Normal binocular vision implies fusion of the two retinal inputs and processing of monocular and binocular cues to construct a vivid percept of depth. This seemly effortless task involves a series of neural processes that are yet not well known or localized. The aim of the present DC-EEG study was to determine which cortical areas get activated while perceiving natural images that switch randomly between scrambled, monoscopic and stereoscopic.
DC-EEG was recorded from thirty male subjects. Eye-movement related changes were eliminated using a regression approach. Artefact free single-trials were averaged per condition and further supplied to LORETA (Pascual-Marqui et al. 1999). For the statistical analysis we used the randomisation-permutation approach illustrated by Nichols and Holmes (2001).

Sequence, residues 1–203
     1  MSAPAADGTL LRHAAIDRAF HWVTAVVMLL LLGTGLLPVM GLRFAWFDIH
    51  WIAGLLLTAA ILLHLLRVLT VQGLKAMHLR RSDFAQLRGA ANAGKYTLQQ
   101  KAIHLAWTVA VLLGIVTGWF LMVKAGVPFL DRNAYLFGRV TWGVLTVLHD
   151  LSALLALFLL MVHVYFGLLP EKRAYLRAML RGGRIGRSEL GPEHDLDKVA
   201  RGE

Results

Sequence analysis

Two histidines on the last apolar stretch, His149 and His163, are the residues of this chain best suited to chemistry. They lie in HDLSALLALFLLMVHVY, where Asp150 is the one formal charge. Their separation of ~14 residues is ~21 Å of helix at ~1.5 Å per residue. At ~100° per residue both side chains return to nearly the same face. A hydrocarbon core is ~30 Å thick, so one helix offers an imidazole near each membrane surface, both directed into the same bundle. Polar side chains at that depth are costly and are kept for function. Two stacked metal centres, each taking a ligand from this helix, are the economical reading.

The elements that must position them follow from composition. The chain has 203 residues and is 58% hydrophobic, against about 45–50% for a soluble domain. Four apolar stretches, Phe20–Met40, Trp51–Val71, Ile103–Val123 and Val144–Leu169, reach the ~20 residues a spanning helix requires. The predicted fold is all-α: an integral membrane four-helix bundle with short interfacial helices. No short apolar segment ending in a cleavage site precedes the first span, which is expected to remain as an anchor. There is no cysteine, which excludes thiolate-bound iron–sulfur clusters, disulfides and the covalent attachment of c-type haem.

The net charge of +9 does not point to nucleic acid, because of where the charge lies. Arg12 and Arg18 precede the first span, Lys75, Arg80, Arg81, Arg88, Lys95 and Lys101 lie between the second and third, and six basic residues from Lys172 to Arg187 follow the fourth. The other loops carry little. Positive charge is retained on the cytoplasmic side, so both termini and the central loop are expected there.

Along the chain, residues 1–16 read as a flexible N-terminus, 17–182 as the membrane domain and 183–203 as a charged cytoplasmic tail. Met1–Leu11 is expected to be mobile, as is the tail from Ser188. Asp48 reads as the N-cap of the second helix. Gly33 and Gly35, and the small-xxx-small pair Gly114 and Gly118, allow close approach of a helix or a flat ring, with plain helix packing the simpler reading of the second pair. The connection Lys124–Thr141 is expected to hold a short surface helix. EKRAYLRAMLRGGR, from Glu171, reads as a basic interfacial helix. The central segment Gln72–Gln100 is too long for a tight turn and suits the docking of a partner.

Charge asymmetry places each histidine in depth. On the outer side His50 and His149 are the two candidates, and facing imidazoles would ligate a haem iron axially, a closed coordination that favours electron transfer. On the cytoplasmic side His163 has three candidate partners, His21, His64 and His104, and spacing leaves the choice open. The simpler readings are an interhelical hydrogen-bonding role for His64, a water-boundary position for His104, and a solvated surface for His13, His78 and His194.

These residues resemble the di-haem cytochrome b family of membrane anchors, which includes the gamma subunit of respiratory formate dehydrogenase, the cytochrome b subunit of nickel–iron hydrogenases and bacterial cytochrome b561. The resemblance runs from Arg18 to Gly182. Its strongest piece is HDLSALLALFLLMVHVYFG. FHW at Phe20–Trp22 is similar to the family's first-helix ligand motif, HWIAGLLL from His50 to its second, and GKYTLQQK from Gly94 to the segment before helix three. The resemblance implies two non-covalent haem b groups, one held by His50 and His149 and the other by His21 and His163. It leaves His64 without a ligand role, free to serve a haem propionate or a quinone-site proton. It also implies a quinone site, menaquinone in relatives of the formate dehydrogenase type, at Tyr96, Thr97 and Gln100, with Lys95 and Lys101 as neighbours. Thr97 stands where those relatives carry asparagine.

Significant higher current density values for all stereoscopic conditions were found in the dorsal visual pathway of both hemispheres. This could be explained through the additional information provided by the horizontal disparity information induced in the stereo condition (Taira et al. 2001). Other activated regions involve the left medial frontal cortex and the anterior cingulate of both hemispheres. In these regions an activation increase can be seen for the stereo condition when switching from scrambled images suggesting a strong involvement of these areas in stereopsis (Gulyas et al. 1994). Neither did we find significant differences in the temporalcortex nor a strong right hemisphere dominance which were described by many studies. These findings suggest that the different aspects of stereoscopic natural images are processed by a number of distinct cortical areas.